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Written by BMWVMCA NEWS   
Tuesday, 05 August 2008

Your Biographies

Tell us how you became interested in old BMWs

They say you meet the nicest people on a Honda.  This old sales pitch may have some truth, but I believe you meet True friends on a BMW. 

My experience with riding BMW’s has been very limited by an old timer’s standard.  A few years ago, I realized that there was more to life than just work and I needed a hobby.  I became enamored with the idea of the cycling lifestyle and the fun that it would bring to my commute to work each day.  For months, I test road dozens of bikes available in the States, but I just couldn’t find what I was looking for.  After an exhaustive search for the perfect bike, a co-worker suggested I consider a BMW. BMW I questioned curiously? I was familiar with BMW for their quality cars, but hadn’t considered them for their motorcycles. My friend commented that BMW’s were unique machines and that their owner’s were a different breed of rider.   He called the machines “a thinking man’s bike” and they would probably appeal to my meticulous, anal nature.

Not long after our conversation I acquired my first R1200cm.   I appreciated its styling and performance for a cruiser and enjoyed its nostalgic appearance to the older generation BMW bikes. After riding for several years, I began to meet other BMW riders who shared my passion for these bikes.   This is about the time I met John and Barbara Swift.  

John and Barbara’s house was just down the street from my office and I used to walk by it during my afternoon lunch breaks.  One afternoon, I noticed John’s grey and red Montana was parked in front of his house and I had the opportunity to meet his wife, Barbara.  She politely invited me to John’s shop around back where John sat working on a 1953 R51 /3 restoration.  Amidst the heavy smell of gear oil and gasoline, I made my way through his shop filled wall to wall with antique bikes and parts scattered throughout.  John was busy putting the finishing adjustment on the valves as we shook hands and began to talk about his treasure of antiques in various phases of restoration. One particular piece of pride was a rare R51/2 dusty and neglected by time. John mustered up a grin behind his burly beard as he reminisced about another treasure, an r60 /2 that he called Brunhilda.  I was immediately hooked by these vintage treasures and inquired about becoming involved with restoring these antique works of art.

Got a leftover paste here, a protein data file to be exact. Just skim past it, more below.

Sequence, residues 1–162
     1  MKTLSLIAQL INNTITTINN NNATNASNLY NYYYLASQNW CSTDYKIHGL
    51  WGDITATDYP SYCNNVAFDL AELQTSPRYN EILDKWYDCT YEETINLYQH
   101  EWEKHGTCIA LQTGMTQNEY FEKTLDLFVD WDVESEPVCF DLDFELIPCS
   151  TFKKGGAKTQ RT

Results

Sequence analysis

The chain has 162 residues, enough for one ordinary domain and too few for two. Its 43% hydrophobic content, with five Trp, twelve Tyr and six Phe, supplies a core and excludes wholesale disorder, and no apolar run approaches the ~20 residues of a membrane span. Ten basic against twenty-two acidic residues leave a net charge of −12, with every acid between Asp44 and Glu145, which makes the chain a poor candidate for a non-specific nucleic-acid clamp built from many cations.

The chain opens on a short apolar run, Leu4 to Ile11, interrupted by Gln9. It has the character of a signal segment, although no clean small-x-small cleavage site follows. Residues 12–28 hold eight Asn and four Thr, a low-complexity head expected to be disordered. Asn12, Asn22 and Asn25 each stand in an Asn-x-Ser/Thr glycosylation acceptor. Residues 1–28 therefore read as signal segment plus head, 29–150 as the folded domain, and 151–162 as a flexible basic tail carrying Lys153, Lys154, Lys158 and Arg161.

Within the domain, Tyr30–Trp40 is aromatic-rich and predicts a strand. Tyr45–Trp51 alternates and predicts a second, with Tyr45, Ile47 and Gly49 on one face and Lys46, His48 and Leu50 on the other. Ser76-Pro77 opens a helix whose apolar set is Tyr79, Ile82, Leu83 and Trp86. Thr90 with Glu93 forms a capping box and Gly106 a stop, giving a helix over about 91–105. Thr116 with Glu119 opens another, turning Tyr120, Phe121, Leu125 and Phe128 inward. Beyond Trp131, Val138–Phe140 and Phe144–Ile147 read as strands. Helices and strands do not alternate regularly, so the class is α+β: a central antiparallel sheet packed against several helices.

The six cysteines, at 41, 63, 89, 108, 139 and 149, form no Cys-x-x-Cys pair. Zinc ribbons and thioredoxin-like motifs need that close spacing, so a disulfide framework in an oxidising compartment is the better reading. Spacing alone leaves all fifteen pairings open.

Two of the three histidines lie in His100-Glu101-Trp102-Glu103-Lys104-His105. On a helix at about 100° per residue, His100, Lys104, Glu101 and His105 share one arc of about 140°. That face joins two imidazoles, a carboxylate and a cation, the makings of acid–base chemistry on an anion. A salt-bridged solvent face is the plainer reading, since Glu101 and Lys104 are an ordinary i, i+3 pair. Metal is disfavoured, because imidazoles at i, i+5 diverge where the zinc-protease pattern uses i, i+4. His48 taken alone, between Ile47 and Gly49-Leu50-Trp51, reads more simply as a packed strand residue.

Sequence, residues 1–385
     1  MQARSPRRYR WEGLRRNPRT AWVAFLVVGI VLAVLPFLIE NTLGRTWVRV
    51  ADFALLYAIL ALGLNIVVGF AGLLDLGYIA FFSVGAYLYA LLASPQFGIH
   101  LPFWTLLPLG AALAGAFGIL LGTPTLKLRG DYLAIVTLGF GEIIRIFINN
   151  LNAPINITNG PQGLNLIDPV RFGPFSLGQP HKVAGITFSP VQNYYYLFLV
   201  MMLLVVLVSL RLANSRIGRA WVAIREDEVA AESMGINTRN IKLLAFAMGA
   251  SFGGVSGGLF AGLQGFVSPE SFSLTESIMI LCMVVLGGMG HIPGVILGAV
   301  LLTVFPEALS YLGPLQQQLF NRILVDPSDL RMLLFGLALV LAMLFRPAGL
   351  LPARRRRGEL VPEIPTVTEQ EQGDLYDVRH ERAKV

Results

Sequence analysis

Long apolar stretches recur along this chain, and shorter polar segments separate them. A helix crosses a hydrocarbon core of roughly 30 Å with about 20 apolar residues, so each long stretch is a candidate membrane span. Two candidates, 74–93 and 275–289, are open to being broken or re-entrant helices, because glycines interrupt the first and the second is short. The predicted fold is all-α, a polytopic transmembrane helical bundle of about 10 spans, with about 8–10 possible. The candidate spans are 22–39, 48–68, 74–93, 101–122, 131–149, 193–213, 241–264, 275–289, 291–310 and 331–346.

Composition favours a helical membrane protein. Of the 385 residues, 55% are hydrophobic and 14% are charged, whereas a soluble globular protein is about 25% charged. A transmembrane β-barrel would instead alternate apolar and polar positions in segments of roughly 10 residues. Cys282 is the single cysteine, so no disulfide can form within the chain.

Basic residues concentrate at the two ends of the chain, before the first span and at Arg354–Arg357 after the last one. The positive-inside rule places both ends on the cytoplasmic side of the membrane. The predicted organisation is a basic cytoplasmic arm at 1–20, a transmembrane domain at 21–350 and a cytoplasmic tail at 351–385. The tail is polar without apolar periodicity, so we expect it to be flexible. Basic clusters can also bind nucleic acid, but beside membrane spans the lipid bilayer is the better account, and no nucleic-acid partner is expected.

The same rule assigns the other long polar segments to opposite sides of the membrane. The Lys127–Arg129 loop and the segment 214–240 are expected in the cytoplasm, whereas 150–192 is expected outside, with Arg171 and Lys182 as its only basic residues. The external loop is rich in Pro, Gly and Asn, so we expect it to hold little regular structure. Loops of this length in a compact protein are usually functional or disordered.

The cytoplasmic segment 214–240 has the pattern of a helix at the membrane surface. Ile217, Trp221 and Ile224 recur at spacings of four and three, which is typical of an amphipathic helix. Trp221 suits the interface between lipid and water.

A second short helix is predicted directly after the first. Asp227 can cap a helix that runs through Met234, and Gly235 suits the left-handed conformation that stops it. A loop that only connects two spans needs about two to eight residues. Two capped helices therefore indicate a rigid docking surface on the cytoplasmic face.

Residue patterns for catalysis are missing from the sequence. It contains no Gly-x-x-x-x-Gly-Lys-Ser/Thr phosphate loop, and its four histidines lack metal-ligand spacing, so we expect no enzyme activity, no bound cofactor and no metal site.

Anyone who’s ever been around him long understands John’s favorite phrase is “Misery Loves Company”. So I should have known he was up to something when he invited me on a trip to Boxerworks in Athens, Georgia to pick up a rare 1955 R69.  Though he was excited about his find, I think John was more excited about introducing me to Nathan and his staff.  We made haste in our journey to Athens, so there would be time to check out any hidden treasures Nathan was harboring. One surprise was an original ’52 Steib S501 Luxus that we managed to fit on our trailer.  It and the R67/2 Nathan sent with us somehow became my first rig. 

The rig that we now affectionately call Oprah (she’s very forgiving, has a wide bottom and the side car explains the sudden weight gain) has been shelved to finish another plunger project discovered by Todd Rasmussen; a 1953 R51 /3.  Todd generously shared his find with John who in turned passed along the opportunity to me.   What’s more rare than these vintage machines are the friendships created by restoring them.   John, Todd and Richard Sheckler have all been very generous with their time and sharing their expertise.  Though the bikes are fun to restore and take out onto the open road, the real fun lye’s in the bonds created by the unique friendships created by these vintage machines.  A member of the club once said that he had lots of acquaintances and had met some of the nicest people over the years, however, most of his lasting friendships were either vintage restorers or guys who had ties to riding bikes. 

Best Regards,
Steve Foster

(Ed Note: Steve created and currently maintains our club website. Visit www.bmwvmca.org)


 
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